"While she was growing up, Easter was a big holiday in your mom’s house. There are photos every year of the entire family each Easter all wearing their bright new Easter clothes and getting ready to go to church. Your mom knew the year of the picture by the dress that she was wearing. Your mom described very detailed family rituals for where the eggs were hidden, what was in each basket, and most important the required Easter dinner menu. My memory is that it was as elaborate as a Thanksgiving type meal, except with ham as the primary meat serving. Your mom and I spent the first Easter that we were married in Lawrence, Kansas. We were living in student housing and didn’t have much money. On Easter Day of 1978, we were very busy and certainly didn’t feel like cooking or boiling eggs and definitely didn’t want to bake a ham. We were just happy to be enjoying spring and looking forward to moving to our new home in Pittsburgh in May. When Nonnie and Grandpa called, they asked what we were having for Easter dinner, and I accurately told them “chips and dip.” We actually were quite content with the “meal” – but every year after that we laughed about the Easter in Lawrence. The story was humorous mostly because your mom felt that somehow she was “not doing her job” by failing to follow her family rituals – and so this was a perfect teasing opportunity for the rest of us. So, “chips and dip” has been part of our Easter meal every year since 1978. The full menus and location varied widely over the 31 years, but each Easter we always had “chips and dip” on Easter Day."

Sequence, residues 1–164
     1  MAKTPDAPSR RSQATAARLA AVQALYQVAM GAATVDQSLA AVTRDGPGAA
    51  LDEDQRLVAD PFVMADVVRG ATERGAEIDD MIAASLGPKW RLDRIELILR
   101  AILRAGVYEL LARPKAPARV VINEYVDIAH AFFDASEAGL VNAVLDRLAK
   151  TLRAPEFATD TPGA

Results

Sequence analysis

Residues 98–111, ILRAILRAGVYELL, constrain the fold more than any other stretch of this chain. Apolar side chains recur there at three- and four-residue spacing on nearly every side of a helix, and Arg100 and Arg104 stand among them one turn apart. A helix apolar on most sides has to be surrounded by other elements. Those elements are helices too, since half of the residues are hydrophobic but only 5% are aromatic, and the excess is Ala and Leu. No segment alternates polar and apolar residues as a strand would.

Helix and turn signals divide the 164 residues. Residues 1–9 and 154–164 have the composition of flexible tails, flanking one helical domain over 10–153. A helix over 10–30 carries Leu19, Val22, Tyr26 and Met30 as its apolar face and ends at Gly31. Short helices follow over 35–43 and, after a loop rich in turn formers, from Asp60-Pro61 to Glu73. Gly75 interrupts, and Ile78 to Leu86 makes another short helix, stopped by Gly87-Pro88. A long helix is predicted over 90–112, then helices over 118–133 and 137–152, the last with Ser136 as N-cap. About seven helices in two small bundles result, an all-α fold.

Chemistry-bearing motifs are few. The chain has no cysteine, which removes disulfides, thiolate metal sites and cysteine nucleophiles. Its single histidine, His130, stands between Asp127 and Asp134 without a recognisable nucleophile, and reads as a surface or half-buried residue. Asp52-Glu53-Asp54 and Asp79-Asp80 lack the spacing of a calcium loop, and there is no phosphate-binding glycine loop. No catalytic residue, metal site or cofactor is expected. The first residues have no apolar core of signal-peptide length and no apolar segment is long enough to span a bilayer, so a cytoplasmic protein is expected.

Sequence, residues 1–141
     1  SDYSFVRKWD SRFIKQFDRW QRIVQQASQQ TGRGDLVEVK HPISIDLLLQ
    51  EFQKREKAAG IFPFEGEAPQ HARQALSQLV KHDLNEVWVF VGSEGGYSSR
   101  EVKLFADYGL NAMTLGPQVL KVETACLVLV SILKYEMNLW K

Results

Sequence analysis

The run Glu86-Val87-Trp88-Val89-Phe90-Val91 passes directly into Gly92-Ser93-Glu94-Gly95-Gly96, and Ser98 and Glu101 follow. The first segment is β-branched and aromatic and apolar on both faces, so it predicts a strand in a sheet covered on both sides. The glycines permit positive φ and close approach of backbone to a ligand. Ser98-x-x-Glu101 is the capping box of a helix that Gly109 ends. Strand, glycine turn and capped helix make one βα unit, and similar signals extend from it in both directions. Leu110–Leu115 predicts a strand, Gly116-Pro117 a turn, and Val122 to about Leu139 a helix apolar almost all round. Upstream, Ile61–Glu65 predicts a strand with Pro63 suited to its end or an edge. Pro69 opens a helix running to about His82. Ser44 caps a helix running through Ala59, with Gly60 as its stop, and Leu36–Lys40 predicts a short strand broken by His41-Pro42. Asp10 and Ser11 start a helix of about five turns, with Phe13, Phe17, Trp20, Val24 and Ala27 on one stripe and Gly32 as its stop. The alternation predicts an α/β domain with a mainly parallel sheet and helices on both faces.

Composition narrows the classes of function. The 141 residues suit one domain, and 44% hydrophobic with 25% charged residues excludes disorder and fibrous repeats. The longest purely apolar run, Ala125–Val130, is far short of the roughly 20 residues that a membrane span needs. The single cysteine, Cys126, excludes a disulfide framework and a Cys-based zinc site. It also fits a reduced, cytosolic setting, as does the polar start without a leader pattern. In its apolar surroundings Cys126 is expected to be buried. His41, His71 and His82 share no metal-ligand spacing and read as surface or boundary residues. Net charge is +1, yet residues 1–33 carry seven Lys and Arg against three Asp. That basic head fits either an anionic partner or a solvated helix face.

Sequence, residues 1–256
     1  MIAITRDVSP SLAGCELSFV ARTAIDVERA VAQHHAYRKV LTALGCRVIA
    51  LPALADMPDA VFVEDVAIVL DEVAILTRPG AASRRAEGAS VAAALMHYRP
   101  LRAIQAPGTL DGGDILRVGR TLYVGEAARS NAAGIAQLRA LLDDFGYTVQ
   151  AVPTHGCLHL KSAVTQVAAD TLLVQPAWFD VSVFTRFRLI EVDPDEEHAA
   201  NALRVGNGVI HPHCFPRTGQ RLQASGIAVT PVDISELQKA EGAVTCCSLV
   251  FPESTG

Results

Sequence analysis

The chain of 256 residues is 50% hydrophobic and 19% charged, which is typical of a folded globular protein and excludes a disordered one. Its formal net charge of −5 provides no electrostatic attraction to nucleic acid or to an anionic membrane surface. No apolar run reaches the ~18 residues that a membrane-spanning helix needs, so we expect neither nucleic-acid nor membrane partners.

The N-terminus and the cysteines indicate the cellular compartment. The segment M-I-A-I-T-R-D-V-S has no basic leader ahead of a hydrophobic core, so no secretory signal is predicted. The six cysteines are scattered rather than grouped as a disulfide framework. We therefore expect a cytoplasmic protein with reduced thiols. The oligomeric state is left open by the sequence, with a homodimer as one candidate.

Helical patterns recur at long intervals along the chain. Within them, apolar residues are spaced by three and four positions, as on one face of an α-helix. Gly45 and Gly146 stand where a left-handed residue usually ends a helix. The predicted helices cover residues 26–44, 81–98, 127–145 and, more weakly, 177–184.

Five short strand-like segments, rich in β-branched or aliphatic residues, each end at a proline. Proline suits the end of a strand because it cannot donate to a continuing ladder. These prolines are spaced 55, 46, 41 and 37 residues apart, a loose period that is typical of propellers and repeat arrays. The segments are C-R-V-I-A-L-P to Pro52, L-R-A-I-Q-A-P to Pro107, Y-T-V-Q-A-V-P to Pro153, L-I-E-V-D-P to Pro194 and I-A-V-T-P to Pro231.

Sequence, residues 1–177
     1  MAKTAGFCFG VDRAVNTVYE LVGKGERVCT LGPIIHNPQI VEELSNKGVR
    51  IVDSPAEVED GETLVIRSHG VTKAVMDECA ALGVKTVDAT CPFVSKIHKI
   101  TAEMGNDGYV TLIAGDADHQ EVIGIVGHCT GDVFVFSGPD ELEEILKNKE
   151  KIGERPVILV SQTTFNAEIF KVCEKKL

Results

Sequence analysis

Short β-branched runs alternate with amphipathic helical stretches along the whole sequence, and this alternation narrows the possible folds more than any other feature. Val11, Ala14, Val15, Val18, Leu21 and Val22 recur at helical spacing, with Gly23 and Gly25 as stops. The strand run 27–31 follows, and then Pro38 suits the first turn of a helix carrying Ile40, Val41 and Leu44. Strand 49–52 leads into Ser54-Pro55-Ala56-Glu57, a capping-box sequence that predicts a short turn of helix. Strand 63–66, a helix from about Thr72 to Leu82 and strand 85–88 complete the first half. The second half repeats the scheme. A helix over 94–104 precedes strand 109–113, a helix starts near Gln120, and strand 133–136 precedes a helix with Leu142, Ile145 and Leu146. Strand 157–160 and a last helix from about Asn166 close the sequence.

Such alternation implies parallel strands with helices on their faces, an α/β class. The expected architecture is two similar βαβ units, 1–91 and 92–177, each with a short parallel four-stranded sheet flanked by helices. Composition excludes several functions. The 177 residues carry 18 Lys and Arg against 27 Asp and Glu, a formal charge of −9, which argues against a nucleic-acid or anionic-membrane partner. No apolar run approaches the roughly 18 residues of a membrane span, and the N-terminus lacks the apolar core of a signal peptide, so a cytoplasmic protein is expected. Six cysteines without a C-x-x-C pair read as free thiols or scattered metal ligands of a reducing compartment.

So, this year that's what Jake and I ate as our meal. We had a couple of other snacky things like carrots and humus, but the meal was centered around the chips and dip. Which is nice because I really didn't feel like cooking a ham.